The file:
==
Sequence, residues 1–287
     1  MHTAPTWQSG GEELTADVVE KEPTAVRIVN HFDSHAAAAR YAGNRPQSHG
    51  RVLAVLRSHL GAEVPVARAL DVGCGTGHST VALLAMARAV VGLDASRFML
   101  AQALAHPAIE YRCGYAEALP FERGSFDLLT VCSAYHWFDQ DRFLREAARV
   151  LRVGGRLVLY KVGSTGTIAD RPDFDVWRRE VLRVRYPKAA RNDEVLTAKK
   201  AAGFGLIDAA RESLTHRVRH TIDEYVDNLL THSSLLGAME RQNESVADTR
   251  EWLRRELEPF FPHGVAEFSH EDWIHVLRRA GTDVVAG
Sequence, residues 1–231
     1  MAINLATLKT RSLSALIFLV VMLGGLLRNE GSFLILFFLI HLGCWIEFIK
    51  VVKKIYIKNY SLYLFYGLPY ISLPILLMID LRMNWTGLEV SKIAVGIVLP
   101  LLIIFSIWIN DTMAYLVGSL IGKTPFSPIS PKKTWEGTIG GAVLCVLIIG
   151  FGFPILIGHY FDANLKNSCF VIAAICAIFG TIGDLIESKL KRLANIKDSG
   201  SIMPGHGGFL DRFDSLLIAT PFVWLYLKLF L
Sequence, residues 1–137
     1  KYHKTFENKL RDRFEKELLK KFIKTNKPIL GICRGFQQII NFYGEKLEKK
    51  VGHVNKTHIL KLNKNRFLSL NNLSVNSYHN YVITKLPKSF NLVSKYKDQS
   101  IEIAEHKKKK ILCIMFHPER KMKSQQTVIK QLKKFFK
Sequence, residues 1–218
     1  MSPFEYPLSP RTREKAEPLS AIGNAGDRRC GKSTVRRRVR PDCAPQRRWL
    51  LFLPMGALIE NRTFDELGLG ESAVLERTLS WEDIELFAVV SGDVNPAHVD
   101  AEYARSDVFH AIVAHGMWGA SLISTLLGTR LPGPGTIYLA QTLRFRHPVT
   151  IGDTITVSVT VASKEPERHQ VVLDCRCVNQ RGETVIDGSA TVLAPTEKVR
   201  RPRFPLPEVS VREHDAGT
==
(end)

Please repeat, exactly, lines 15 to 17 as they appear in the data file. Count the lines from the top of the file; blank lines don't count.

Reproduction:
     1  KYHKTFENKL RDRFEKELLK KFIKTNKPIL GICRGFQQII NFYGEKLEKK
    51  VGHVNKTHIL KLNKNRFLSL NNLSVNSYHN YVITKLPKSF NLVSKYKDQS
   101  IEIAEHKKKK ILCIMFHPER KMKSQQTVIK QLKKFFK